Whole Foods Is Expanding Self-Service And Cutting Jobs

The company is cutting 1,500 jobs — about 1.6% of its workforce — and introducing new labor-saving technology in its stores.

Whole Foods Market will eliminate 1,500 jobs ahead of the holiday season, the company said in a regulatory filing Monday, as the company tests new technology to cut down on labor costs.

The grocery chain said it is cutting the jobs as part of a broader plan to "invest in technology upgrades while improving its cost structure" and lower prices. On a recent earnings call, co-CEO Walter Robb announced new technology being rolled out across stores, including a self-service kiosk for ordering prepared food and a new labor scheduling system.

Tech-aided efforts to cut costs come as the company tries to shake its "Whole Foods, Whole Paycheck" image and expand beyond the rich neighborhoods where its core customers live. The chain has been working on a new line of lower-priced stores called 365 by Whole Foods Market, which are also expected to have lower labor costs.

Analyst Mark Miller with William Blair & Company Equity Research said in a note that the cuts can be viewed "as a streamlining initiative," as the company will still be adding positions in aggregate (staffing rose by 9,000 last year).

Whole Foods's recent investments in technology include partnerships with grocery delivery service Instacart and mobile payment services from Apple, Google and (soon) Samsung. The company also has big hopes for online ordering.

CIO Jason Buechel told the Wall Street Journal last year that digital shoppers fill their carts with as much as 2.5 times the products of their brick-and-mortar counterparts, and that Whole Foods was focused on developing a redesigned app, loyalty program, new point-of-sale platform, and enhanced data analytics.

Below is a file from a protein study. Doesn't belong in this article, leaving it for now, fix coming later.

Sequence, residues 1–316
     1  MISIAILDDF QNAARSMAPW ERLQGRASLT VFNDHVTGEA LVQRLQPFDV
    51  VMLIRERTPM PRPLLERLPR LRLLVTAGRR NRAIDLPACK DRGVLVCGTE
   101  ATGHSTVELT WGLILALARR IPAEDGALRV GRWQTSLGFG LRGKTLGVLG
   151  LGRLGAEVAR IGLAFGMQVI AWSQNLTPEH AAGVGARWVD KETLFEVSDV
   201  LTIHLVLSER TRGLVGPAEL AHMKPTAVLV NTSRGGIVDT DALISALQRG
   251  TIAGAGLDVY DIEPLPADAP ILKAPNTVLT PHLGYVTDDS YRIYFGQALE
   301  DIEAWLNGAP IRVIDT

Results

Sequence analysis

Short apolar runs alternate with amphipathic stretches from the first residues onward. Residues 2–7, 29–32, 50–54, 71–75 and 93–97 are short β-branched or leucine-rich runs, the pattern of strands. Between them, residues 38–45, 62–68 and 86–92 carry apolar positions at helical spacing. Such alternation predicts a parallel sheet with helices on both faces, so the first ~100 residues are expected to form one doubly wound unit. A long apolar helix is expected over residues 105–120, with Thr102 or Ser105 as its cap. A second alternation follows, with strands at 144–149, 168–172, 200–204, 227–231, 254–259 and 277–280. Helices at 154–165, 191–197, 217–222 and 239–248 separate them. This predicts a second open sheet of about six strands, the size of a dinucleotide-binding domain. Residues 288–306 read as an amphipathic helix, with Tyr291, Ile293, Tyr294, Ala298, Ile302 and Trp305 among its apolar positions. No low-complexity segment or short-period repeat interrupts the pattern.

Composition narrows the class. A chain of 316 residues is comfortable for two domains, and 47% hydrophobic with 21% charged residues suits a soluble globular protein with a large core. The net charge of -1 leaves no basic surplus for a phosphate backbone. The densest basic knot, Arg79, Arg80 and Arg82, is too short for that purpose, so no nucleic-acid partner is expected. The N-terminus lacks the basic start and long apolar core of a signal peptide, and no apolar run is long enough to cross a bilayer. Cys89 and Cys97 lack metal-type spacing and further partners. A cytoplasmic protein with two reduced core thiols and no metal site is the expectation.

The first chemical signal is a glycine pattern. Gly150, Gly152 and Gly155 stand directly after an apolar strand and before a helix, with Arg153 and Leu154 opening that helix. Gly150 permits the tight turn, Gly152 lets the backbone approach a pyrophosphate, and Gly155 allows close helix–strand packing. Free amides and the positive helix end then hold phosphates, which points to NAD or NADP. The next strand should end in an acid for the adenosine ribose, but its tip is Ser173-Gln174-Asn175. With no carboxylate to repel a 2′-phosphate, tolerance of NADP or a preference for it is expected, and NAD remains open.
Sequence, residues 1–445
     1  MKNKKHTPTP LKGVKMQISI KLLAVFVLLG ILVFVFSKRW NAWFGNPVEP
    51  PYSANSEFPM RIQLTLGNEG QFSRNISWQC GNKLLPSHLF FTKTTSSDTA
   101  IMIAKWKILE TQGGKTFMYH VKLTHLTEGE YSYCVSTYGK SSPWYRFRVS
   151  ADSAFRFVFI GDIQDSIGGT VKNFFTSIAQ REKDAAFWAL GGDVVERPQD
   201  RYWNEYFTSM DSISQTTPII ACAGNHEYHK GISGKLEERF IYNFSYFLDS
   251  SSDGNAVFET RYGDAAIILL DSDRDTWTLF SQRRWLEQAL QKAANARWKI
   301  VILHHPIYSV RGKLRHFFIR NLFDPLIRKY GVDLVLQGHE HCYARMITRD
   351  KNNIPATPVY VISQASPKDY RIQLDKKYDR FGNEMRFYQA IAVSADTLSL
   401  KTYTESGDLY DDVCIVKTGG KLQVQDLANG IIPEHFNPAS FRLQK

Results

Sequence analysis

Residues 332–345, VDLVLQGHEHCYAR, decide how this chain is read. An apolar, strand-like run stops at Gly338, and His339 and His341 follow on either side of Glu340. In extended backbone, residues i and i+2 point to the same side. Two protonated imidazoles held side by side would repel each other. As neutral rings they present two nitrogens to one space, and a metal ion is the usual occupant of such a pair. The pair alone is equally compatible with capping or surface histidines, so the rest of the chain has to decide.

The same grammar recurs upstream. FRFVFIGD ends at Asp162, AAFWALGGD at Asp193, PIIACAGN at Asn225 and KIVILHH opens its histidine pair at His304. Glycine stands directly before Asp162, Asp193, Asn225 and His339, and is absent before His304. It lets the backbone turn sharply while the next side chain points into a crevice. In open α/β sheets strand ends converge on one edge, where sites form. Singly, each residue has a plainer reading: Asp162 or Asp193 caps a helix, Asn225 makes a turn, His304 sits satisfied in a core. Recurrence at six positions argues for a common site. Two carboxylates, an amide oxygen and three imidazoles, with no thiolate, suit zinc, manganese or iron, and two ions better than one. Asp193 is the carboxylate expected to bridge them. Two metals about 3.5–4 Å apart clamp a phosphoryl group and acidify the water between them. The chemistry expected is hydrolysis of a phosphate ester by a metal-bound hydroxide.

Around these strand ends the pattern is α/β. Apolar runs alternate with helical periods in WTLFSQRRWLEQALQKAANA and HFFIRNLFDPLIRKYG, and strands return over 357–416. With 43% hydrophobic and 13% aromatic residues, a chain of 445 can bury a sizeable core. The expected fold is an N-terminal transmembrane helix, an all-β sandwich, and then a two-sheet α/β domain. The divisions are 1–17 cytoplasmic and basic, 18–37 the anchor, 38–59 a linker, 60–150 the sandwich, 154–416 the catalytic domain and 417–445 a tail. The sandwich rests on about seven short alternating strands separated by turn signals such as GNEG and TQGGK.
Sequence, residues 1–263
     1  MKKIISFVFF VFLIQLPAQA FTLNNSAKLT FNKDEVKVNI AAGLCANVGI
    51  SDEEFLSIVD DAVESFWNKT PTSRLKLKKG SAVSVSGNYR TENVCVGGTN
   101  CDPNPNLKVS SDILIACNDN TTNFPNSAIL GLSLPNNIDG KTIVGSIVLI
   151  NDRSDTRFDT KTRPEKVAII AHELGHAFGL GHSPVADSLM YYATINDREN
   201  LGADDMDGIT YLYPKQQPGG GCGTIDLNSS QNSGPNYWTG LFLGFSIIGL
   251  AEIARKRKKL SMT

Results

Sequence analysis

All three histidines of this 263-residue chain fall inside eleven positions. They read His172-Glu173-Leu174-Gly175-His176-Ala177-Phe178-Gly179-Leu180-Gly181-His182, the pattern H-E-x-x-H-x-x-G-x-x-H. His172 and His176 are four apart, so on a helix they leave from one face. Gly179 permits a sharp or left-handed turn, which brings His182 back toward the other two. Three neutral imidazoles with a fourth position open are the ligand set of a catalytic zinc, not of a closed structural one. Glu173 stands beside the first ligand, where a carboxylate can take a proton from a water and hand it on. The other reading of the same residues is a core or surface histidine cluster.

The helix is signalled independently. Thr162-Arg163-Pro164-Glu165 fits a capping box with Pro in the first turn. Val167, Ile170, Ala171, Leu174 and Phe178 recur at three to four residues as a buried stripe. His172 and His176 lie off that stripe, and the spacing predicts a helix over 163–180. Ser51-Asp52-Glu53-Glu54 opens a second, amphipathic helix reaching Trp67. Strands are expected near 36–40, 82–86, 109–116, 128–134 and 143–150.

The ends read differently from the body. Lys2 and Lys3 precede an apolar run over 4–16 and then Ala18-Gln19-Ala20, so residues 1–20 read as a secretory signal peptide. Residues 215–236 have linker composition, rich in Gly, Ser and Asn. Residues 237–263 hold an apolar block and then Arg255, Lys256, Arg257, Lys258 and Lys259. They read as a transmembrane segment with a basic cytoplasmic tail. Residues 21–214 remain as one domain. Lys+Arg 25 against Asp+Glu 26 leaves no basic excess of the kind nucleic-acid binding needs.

It's also squeezing out labor costs by making it easier for customers to serve themselves. At an investor day in April, operations chief Jason Lannon noted that the company's self-serve salad and hot food bars sell higher volumes of food than any other section of the store.

"We sell more of that than we sell milk or bananas or any of those staples. That's our bread-and-butter," he said. "And as we've introduced that self-service concept to other products that used to be full-service, customers will buy more and it takes the labor out of our system."

Many other food businesses have noted the uptick in sales when customers are left to order, pay and serve themselves — at Taco Bell, people added more extras to their burrito when ordering via touchscreen kiosk than speaking to a human. Some think it's there's a shame factor involved.

"Where we used to serve customers pizza, they would often buy one slice but, miraculously, when they serve themselves, they buy two slices," Lannon said.

"Same thing goes for cakes, right?" asked an analyst. "They're buying two cakes instead of one."

"Exactly," Lannon said. "You bought a cake, yesterday, it's like, well....it's a beautiful thing and it's really working."

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